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Philosophical Anthropology: Selected Chapters

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Jana Trajtelová

This textbook discusses and systemises several selected topics of philosophical anthropology. The problem of man cannot be grasped through only one main principle or aspect (as the principle of his or her «humanity»). The chapters of this book rather outline several specific aspects which essentially characterize human beings (such as rationality, formation of culture, freedom, personality and interpersonality). The text is primarily intended for bachelor students of philosophy.
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2. The Human Place in the Cosmos

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Max Scheler – the essence of man – sublimation – vital impetus – spirit

The fundamental text of philosophical anthropology is the text by the phenomenologist, Max Scheler (1874 – 1928) – The Human Place in the Cosmos (Die Stellung des Menschen im Kosmos, 1928). It may not be great in size, but it is a rich text. Therefore, we have decided to introduce Scheler at the beginning, as he well defines specific philosophical attempts at philosophical anthropology. The text was originally given as a lecture in 1927 in Darmstadt, reflecting on a special man’s standpoint in the world. He based his reflections on contemporary knowledge and discoveries of biological morphology and the research of animal behaviour and plant life. Scheler tried to grasp man holistically – by inquiring into his relation to nature and defining his special position in it.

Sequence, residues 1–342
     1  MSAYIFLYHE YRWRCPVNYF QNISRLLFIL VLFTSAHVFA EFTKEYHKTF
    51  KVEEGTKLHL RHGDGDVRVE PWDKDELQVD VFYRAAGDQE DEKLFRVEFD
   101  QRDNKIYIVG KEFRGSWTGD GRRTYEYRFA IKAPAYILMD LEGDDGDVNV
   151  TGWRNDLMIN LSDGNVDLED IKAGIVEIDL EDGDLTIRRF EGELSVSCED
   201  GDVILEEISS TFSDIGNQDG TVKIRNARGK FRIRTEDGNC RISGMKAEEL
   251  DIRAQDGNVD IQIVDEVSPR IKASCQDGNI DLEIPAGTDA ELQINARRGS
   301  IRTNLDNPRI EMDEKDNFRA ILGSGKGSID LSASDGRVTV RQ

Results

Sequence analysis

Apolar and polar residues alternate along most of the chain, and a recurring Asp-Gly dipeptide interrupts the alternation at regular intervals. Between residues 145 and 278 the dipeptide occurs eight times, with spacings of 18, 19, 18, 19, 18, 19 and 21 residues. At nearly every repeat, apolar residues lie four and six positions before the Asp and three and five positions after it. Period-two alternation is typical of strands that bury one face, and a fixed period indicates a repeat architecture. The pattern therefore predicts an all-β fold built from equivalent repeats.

Firstly, Scheler distinguished between two meanings of the word “human”: 1) human as a biological being with ← 25 | 26 → a fixed place in the natural animal life scheme (he is on the top of the range of vertebrates and mammals), and 2) human as a being with a seemingly peculiar and unique place in the world; this cannot be compared to the status of any other creatures. In this sense, Scheler assumes a specific essence of man (Scheler, 1968, p. 45).

Scheler draws attention to the fact that we have come to a stage in history, when there is no “unified idea of man” that would be accepted...

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